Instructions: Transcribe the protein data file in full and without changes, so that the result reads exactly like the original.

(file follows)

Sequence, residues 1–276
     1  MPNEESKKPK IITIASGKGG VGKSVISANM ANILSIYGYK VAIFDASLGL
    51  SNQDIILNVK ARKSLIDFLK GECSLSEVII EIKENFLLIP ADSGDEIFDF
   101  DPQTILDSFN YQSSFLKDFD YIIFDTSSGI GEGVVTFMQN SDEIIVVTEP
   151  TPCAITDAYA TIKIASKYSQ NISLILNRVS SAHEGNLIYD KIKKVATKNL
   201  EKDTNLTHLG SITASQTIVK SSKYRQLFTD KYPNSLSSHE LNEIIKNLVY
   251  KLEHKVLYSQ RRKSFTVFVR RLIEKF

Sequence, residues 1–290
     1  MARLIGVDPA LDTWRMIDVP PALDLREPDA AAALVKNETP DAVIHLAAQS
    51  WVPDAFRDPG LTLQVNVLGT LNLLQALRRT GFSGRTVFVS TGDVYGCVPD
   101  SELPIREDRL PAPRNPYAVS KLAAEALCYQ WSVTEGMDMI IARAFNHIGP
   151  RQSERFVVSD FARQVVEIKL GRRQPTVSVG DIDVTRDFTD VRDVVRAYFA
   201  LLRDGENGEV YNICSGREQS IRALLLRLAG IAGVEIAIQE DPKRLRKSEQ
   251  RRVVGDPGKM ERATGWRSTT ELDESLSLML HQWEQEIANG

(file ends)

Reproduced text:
Sequence, residues 1–276
     1  MPNEESKKPK IITIASGKGG VGKSVISANM ANILSIYGYK VAIFDASLGL
    51  SNQDIILNVK ARKSLIDFLK GECSLSEVII EIKENFLLIP ADSGDEIFDF
   101  DPQTILDSFN YQSSFLKDFD YIIFDTSSGI GEGVVTFMQN SDEIIVVTEP
   151  TPCAITDAYA TIKIASKYSQ NISLILNRVS SAHEGNLIYD KIKKVATKNL
   201  EKDTNLTHLG SITASQTIVK SSKYRQLFTD KYPNSLSSHE LNEIIKNLVY
   251  KLEHKVLYSQ RRKSFTVFVR RLIEKF

Sequence, residues 1–290
     1  MARLIGVDPA LDTWRMIDVP PALDLREPDA AAALVKNETP DAVIHLAAQS
    51  WVPDAFRDPG LTLQVNVLGT LNLLQALRRT GFSGRTVFVS TGDVYGCVPD
   101  SELPIREDRL PAPRNPYAVS KLAAEALCYQ WSVTEGMDMI IARAFNHIGP
   151  RQSERFVVSD FARQVVEIKL GRRQPTVSVG DIDVTRDFTD VRDVVRAYFA
   201  LLRDGENGEV YNICSGREQS IRALLLRLAG IAGVEIAIQE DPKRLRKSEQ
   251  RRVVGDPGKM ERATGWRSTT ELDESLSLML HQWEQEIANG